I had a LPFM station ask if I could help them. Naturally I said yes. They can call me with questions. I pretty much wrote up an operation guide for them, their media kit and offered programming tips. It was customized for them specifically.
To do all of that I figured I needed some pay. After all the word count on everything was over 56,500 words. In that I detailed organization info, programming elements and why, the sales effort, the how and why and more.
We agreed on $600 or roughly what the electric bill is on a LPFM. It fit their budget. Did I make money? Sure, $600 but I sure didn't even make minimum wage but that's not the point. I am passionate about radio and I want to share some of my experience to save folks from mistakes I already made.
No, I can't help many stations, only a few. And this isn't a plea for customers. It's an offer to share if you want the information.
WHY CONSIDER THIS?
I have several friends in LPFM Radio that have spoken to many stations just as I have. I learn from them and they learn from me. We share a great deal. The topic that comes up frequently is that LPFM licensees, for the most part, do not understand radio. They just don't know what has to be done to create a successful and viable station. If you think about this, it makes sense. LPFM stations are an entry point for jumping in the radio waters. All of us agree it is painful to watch sincere and well meaning folks let their misconceptions of radio pull them down, sinking instead of swimming. We even see it when a radio person is involved. In those instances the radio person lacks a knowledge of programming or sales or management.
There's a lot to radio and you need to know radio from the inside out to pull it off. I was talking to one fellow. Our conversation turned to barbecue as we talked of taking a break for lunch. I asked if he was to open a barbecue restaurant (admitting he makes some great barbecue) if he'd just rent a space and start cooking. He said "No way. The restaurant business is tricky and he'd need to learn a bunch before even attempting it." I agreed but asked "Then why don't you and your board think the same way about your LPFM station?". Plainly put he gets snagged by the non-profit part as meaning he can't have a business plan. He admits that. I asked if he was to open a non-profit restaurant would he research it and create a business plan? He said "Heck yes. The restaurant business is tricky!".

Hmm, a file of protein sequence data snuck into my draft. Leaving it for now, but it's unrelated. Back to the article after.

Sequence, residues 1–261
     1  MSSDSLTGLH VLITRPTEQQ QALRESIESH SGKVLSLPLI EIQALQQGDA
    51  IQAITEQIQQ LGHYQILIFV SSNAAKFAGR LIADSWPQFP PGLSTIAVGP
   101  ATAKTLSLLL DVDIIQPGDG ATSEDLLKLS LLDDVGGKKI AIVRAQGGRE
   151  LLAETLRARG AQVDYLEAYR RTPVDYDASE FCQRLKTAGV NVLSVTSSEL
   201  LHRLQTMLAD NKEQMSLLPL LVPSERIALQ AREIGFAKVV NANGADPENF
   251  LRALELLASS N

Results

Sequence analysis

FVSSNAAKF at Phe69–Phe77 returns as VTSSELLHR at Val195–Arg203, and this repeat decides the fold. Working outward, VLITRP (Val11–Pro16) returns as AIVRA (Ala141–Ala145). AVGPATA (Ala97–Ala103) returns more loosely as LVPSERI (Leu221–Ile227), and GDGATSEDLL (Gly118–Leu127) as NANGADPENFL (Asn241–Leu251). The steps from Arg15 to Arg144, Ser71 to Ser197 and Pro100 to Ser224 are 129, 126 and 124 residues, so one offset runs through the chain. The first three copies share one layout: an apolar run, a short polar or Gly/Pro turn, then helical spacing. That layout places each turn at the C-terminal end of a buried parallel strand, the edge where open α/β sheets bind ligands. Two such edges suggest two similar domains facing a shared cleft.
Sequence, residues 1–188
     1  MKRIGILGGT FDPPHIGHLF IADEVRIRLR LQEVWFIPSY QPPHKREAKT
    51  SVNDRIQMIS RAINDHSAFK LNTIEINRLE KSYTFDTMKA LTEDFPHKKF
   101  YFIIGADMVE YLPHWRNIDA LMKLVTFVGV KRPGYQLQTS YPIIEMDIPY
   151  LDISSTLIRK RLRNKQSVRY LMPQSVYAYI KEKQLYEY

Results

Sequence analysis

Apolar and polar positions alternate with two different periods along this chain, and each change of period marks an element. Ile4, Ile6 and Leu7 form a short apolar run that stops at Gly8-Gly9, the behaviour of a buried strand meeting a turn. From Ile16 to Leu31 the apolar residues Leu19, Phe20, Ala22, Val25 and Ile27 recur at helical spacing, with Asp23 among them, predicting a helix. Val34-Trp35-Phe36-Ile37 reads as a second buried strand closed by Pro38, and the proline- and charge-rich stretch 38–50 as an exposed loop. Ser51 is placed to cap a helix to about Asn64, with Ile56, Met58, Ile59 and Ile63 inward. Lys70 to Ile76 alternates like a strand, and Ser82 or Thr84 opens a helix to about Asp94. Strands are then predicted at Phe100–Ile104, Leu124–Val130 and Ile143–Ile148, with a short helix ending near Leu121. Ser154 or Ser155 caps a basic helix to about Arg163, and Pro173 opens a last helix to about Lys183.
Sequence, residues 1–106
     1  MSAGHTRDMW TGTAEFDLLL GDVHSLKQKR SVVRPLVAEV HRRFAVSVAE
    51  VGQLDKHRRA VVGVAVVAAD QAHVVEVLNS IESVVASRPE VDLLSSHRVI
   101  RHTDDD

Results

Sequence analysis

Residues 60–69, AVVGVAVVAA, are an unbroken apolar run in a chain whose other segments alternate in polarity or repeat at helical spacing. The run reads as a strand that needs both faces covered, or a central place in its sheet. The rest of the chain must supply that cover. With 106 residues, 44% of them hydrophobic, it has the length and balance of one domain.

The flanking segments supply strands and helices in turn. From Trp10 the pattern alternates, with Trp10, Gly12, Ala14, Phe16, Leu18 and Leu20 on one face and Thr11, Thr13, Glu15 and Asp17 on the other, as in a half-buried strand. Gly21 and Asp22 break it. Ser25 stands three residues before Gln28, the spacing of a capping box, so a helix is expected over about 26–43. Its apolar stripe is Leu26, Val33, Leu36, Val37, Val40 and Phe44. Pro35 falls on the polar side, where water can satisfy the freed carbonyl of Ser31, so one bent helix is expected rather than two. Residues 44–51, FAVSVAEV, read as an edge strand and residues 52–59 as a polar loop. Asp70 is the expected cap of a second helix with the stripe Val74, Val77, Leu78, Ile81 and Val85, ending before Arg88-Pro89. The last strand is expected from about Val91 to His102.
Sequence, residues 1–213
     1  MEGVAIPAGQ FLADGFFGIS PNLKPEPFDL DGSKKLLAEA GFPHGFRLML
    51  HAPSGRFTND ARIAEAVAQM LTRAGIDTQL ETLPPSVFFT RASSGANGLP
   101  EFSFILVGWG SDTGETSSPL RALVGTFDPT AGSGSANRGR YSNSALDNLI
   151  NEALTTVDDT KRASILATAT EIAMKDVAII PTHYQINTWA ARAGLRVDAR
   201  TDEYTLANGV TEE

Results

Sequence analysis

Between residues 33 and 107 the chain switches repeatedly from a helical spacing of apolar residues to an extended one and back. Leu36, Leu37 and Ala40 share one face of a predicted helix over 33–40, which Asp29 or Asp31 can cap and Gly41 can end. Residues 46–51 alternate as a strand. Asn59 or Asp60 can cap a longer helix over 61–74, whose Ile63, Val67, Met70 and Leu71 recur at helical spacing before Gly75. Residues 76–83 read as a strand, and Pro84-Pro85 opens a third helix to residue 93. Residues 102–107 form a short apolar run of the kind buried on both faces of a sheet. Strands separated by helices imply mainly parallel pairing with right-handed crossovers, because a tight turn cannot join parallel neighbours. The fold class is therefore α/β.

My objective is simply this: I want to save you from the costly mistakes so many LPFM stations make. A series of mistakes can literally spell the demise of your station. But why me? First, I'm passionate about radio. I study it. I have also worked in radio for decades. I have been lucky enough to have been a DJ, program director, salesman, Sales Manager and a General Manager at 3 stations, one in a top 10 market that I have managed for over 20 years. That doesn't mean I'm an expert but it does mean I have come across almost anything a radio station can face. And it means if I don't know the answer, I had better know who has it and get them to tell me. Literally that keeps me in a paycheck.
There's the LPFM that mailed a flyer to every Chamber of Commerce member offering Underwriting but nobody called. I could have saved the guy the time and money if he had asked. Those flyers got trashed. There's the guy that been on the air the better part of a year, that publishes his Underwriter rates online but complains nobody has called him to sign up. I could have told him what to expect.
I know stations when a lightning strike took them out and by being off the air, they couldn't raise the funds for repairs. They never did. Radio people believe in God. We see acts of God all too often. You should have tucked that cash aside instead of buying all those t-shirts and bumper stickers.
Have you figured out that guy that was going to turn radio on it's ear really had your potential listener turning a deaf ear to you? Why do stations think it is better to follow the unproven and unknown path when the path to successful radio has thousands of successful examples across the county, some in your backyard? You will not reinvent radio but you will create failure if you try. Yep, let's be sure we don't follow a successful model for our station! It's not sarcasm but reality way too often and I really don't know why.